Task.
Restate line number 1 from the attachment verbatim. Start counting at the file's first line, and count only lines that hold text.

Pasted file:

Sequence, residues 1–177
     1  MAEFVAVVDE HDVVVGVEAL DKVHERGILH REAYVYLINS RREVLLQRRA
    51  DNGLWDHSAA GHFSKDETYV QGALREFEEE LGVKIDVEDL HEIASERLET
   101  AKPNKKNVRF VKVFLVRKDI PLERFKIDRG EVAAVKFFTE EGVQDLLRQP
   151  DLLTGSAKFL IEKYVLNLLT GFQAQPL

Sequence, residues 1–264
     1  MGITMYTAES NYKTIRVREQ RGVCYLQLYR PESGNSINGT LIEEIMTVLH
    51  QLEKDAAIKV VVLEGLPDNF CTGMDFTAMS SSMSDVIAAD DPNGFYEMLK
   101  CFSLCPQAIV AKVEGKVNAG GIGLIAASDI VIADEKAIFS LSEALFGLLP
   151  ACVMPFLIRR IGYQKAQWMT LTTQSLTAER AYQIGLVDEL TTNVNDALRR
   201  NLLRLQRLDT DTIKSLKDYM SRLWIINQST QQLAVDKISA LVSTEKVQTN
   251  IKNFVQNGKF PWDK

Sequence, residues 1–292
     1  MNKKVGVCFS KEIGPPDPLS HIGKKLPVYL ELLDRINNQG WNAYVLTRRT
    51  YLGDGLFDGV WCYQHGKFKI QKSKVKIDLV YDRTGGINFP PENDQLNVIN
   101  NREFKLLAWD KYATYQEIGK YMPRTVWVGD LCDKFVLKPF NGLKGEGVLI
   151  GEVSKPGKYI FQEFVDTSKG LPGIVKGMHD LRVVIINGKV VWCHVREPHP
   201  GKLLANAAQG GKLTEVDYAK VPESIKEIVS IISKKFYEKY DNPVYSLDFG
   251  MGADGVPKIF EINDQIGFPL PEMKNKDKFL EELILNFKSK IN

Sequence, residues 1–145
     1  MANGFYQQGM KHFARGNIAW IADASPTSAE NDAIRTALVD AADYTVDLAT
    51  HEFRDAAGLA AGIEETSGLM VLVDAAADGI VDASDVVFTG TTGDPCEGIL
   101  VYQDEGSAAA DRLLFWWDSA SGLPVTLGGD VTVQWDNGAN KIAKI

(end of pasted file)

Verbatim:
Sequence, residues 1–177